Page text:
Chances are, you probably know someone who is in the Cadet program, whether Air, Army, or Navy. Ask them and they’ll probably love or hate the program. Most can agree Cadets comes with opportunities galore, and those able to adjust to the system also benefit from it. This program is rewarding, especially for the top senior Cadets who are selected to participate in summer camps and represent not only their home squadron, but their region on a national, or even global scale. However, for some, Cadets is tiring, with strict rules of discipline and huge amounts of pressure.
I have been in Air Cadets for three years, feeling both the pressures and joys of the program. I went to Vernon in the summer to participate in a three week Basic Drill and Ceremonial Course, met amazing people, but also had to forego almost half my summer. I also just came back from a field training exercise, or FTX, sleeping overnight in Chilliwack on snow that came halfway up to my knees and got sick. Fun.
Why am I telling you all this? Well, I thought it would be interesting just to look at how the Canadian government wants to develop the next generation. In fact, it is one of the largest federally sponsored youth programs, with a $250 million dollar budget. As Cadets, we earn money to go to summer camps, though not a lot. During FTXs, the meals we eat, MREs (Meals Ready to Eat) are chock full of preservatives, rather gross, and cost more than normal food. Likewise, going gliding and fam flying as Air Cadets cost a significant amount of money.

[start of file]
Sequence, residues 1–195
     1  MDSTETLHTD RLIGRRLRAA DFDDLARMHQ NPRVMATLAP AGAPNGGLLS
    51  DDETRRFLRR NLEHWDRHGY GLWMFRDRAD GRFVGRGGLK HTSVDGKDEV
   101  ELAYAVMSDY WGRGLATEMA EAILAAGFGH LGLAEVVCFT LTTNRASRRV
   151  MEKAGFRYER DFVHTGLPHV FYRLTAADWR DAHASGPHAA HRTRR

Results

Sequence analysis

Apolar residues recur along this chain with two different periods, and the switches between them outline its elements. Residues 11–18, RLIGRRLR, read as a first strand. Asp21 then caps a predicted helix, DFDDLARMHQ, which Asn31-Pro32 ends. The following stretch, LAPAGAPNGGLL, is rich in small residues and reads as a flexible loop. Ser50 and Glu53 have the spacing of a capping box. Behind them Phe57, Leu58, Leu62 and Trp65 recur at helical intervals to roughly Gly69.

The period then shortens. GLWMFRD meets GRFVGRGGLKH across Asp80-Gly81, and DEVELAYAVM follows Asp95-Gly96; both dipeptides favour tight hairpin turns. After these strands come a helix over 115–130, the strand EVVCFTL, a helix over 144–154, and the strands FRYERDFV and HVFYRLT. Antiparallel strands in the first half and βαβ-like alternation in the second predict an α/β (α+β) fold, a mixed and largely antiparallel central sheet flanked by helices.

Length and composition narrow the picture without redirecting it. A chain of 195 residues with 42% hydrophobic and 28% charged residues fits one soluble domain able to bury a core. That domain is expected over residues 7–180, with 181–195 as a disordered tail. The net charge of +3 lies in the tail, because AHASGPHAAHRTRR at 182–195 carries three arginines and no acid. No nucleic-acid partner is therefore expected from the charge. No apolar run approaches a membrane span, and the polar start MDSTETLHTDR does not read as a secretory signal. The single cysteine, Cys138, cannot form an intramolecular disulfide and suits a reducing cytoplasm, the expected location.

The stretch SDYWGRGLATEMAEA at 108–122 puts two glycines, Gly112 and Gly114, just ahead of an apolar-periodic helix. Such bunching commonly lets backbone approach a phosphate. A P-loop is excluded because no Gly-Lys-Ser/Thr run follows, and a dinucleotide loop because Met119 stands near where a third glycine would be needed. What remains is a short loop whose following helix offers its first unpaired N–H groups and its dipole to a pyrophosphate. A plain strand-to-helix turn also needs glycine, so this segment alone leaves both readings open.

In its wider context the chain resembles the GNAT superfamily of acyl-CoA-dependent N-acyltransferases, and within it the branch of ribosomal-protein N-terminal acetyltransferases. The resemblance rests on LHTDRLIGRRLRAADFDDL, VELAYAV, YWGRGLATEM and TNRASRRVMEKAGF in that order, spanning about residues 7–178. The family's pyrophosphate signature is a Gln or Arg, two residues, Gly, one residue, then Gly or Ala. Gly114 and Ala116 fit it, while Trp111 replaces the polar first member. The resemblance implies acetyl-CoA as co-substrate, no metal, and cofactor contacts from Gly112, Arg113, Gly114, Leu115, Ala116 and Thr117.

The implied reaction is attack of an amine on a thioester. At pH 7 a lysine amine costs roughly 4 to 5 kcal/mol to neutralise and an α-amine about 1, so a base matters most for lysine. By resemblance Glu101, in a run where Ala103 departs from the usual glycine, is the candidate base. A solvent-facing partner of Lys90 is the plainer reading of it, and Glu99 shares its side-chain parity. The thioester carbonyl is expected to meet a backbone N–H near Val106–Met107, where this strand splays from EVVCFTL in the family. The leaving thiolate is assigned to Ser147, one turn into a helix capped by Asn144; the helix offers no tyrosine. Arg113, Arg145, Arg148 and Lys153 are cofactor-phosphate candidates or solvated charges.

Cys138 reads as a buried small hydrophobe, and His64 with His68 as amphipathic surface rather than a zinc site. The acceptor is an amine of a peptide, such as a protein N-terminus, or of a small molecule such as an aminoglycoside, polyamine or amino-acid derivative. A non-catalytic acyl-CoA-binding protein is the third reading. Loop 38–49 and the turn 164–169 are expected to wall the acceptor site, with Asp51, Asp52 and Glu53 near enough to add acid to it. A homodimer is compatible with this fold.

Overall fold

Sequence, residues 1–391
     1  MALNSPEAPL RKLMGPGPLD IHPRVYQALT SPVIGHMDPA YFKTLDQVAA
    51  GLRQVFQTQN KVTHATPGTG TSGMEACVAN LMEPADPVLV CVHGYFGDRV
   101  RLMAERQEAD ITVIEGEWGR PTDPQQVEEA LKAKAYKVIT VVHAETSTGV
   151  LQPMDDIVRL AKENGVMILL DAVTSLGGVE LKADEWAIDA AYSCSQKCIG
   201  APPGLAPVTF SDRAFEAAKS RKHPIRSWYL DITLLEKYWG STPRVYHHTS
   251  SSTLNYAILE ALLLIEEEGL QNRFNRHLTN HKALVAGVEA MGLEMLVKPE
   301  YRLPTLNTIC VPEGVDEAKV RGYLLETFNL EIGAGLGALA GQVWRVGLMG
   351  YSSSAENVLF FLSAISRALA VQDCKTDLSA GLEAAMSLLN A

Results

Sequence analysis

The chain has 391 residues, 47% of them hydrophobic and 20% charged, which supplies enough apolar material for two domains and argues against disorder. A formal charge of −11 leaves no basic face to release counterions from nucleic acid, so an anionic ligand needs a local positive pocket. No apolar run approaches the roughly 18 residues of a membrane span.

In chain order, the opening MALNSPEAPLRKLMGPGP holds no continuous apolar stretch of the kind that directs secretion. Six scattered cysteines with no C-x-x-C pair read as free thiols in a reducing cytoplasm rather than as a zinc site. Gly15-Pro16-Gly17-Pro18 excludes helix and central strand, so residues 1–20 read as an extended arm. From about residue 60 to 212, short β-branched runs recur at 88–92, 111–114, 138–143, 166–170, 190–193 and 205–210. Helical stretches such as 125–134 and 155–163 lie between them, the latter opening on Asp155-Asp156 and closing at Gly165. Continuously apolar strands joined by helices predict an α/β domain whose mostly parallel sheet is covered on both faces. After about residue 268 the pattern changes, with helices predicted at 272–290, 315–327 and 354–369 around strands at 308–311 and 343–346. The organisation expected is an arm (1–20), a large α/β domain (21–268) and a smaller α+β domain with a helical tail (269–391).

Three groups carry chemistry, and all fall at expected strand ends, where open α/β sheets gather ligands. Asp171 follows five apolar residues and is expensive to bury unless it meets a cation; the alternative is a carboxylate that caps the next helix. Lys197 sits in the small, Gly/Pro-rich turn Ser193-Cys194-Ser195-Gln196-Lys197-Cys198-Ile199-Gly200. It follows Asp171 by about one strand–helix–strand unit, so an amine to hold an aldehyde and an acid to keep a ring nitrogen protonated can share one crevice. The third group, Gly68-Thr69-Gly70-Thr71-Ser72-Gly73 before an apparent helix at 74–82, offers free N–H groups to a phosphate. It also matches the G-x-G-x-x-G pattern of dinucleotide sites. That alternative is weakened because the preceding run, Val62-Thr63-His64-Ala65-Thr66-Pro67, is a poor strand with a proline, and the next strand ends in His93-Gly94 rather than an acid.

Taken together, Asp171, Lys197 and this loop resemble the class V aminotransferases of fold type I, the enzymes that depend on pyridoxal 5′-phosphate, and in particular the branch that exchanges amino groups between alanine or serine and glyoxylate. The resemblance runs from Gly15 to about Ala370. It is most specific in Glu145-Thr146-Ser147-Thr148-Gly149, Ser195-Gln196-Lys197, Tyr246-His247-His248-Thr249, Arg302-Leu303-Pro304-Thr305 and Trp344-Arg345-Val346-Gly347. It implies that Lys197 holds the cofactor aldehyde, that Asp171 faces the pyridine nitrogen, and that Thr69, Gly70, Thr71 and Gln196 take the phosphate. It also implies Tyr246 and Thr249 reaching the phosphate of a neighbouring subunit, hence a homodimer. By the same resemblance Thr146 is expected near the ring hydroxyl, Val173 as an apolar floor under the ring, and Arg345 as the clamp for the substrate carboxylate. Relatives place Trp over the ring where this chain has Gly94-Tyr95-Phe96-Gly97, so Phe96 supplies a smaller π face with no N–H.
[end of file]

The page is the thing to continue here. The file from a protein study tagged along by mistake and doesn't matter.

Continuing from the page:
The most interesting idea I found is that the government chose a military-based program to develop for youth. Canada is known for being a peace-loving country, and it is an image I’m sure the government will work to maintain. The relation between Cadets and the military is an interesting question brought up as the government sees the program as “an important investment in our youth today and a means of safeguarding our future tomorrow.”
The Cadets page on the Canadian government’s website states Cadets are not in the military, but the program is very similar to the military. Like the military, Cadets address ranks, learn skills such as shooting a rifle, and participate in similar activities. Both the Cadet program and military value a highly-structured, well-organized system, with strict rules and regulations.
The program now focuses less on developing future soldiers and more on building strong citizens, stating that “while they are introduced to Sea, Army and/or Air activities of the Canadian Armed Forces and certain traditions, they are also introduced to many other respectable career choices that are available to them.” However, the program started out as way to develop soldiers, and the system clearly reflects military values like cooperation and discipline.
655 Richmond RCACS
(That’s how to close an email in Cadets!)